Should kosher consumers be forewarned that milk products with a higher level of kosher supervision is preferable to products with a “regular kosher symbol?” Could it be that Haagen Dasz ice cream is not so kosher because it uses liquid milk in Israel rather than powdered milk, as the Chief Rabbinate in Israel claims? Discourses in Jewish law are nothing new, as anyone who has ever studied the Talmud knows. But it is important to recognize that all of the issues debated have been thoroughly reviewed by leading rabbis and that they are in fact subject to interpretation of Jewish law. Kosher consumers, and rightfully so, have a great deal of faith in the competency and knowledge of the recognized large kosher certifiers. Kosher cannot and should not be turned on its head because of someone’s particular views. Thankfully, consumers today have choices so long as they are educated. And if they are still confused, consulting a local rabbi can often undo the confusion.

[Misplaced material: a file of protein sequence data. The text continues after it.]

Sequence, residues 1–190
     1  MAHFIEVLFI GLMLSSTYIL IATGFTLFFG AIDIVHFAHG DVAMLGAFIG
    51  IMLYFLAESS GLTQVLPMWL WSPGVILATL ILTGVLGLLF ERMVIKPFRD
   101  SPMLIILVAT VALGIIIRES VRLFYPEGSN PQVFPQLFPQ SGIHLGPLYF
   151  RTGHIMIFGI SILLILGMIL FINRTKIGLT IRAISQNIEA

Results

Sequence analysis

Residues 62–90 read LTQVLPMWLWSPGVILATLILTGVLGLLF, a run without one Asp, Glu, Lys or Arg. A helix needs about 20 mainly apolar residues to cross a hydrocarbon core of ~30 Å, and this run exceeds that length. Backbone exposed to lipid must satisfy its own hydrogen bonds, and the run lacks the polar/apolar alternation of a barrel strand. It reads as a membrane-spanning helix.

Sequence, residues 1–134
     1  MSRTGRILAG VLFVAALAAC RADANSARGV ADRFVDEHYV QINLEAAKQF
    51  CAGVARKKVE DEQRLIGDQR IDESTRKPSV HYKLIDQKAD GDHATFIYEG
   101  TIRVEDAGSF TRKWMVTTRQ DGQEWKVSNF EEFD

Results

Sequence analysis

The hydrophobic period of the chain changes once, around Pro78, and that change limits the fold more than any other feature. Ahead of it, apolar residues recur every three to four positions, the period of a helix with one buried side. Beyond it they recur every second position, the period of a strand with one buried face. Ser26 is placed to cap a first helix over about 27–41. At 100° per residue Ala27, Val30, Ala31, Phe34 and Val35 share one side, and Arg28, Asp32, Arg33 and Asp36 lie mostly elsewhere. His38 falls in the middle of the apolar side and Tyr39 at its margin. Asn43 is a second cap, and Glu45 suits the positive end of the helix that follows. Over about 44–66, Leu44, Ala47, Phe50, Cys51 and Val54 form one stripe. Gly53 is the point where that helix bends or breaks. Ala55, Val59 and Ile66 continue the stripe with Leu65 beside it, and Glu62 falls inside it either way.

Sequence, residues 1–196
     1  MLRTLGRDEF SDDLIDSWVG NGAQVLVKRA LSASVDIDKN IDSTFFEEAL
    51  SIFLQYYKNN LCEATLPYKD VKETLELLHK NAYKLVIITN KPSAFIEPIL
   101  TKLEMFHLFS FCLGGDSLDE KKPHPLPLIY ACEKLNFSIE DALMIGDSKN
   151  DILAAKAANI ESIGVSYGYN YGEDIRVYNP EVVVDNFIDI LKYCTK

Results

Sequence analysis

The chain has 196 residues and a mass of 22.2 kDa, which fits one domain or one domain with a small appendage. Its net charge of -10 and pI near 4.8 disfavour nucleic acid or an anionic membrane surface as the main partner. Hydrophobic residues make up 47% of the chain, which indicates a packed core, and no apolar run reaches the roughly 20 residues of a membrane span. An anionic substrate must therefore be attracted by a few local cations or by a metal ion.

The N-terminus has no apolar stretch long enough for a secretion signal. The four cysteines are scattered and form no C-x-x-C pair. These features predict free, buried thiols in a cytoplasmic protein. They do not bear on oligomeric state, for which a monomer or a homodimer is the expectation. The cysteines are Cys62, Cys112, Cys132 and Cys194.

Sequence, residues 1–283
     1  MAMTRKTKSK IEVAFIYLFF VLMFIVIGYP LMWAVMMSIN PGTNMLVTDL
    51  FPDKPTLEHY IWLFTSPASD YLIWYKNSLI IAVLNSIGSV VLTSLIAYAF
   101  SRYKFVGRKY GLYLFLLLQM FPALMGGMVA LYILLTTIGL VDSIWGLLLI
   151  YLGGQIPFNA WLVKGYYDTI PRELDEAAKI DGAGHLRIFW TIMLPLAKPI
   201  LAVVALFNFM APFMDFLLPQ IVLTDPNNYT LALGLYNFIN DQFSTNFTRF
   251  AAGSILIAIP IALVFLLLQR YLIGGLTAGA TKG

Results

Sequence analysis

So as I watched these developments with dairy unfold, I am throwing my lots with the average customer who may say “heard that done that,” as debates over the validity of kashrus are nothing new. If anything, this is probably the appropriate time to chime in with some words of praise for the large kashrus agencies who have managed to respond to the needs of a rapidly growing consumer base and thousands of new challenges, thanks to technology. As I read and reread some of the arguments on both sides of the debating table, I was impressed with the sincerity of the debaters. Regardless, as far as the industry is concerned, it is a debate amongst rabbis, pure and simple and it should not in any way change the way consumers perceive of the integrity of a universally accepted kosher symbol.